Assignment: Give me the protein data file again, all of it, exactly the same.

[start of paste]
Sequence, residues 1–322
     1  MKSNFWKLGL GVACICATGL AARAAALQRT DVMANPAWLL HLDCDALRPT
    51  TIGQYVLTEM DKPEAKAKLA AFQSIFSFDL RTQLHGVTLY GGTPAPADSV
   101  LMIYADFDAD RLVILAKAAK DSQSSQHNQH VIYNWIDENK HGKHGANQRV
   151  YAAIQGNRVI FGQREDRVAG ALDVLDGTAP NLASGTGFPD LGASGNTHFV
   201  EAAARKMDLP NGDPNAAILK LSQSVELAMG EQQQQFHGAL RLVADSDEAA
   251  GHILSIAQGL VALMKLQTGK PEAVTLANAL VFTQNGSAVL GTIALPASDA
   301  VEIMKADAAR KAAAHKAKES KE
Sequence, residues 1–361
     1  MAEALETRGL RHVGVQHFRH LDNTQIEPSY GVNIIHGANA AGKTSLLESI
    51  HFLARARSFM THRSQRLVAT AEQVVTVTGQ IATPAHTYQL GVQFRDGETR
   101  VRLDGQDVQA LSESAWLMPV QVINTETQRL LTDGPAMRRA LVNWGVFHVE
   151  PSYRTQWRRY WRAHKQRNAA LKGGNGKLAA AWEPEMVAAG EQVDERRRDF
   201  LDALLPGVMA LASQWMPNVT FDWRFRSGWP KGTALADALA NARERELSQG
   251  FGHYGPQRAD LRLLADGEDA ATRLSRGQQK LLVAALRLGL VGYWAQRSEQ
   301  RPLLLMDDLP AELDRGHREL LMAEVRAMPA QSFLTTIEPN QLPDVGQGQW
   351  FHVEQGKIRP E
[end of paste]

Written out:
Sequence, residues 1–322
     1  MKSNFWKLGL GVACICATGL AARAAALQRT DVMANPAWLL HLDCDALRPT
    51  TIGQYVLTEM DKPEAKAKLA AFQSIFSFDL RTQLHGVTLY GGTPAPADSV
   101  LMIYADFDAD RLVILAKAAK DSQSSQHNQH VIYNWIDENK HGKHGANQRV
   151  YAAIQGNRVI FGQREDRVAG ALDVLDGTAP NLASGTGFPD LGASGNTHFV
   201  EAAARKMDLP NGDPNAAILK LSQSVELAMG EQQQQFHGAL RLVADSDEAA
   251  GHILSIAQGL VALMKLQTGK PEAVTLANAL VFTQNGSAVL GTIALPASDA
   301  VEIMKADAAR KAAAHKAKES KE
Sequence, residues 1–361
     1  MAEALETRGL RHVGVQHFRH LDNTQIEPSY GVNIIHGANA AGKTSLLESI
    51  HFLARARSFM THRSQRLVAT AEQVVTVTGQ IATPAHTYQL GVQFRDGETR
   101  VRLDGQDVQA LSESAWLMPV QVINTETQRL LTDGPAMRRA LVNWGVFHVE
   151  PSYRTQWRRY WRAHKQRNAA LKGGNGKLAA AWEPEMVAAG EQVDERRRDF
   201  LDALLPGVMA LASQWMPNVT FDWRFRSGWP KGTALADALA NARERELSQG
   251  FGHYGPQRAD LRLLADGEDA ATRLSRGQQK LLVAALRLGL VGYWAQRSEQ
   301  RPLLLMDDLP AELDRGHREL LMAEVRAMPA QSFLTTIEPN QLPDVGQGQW
   351  FHVEQGKIRP E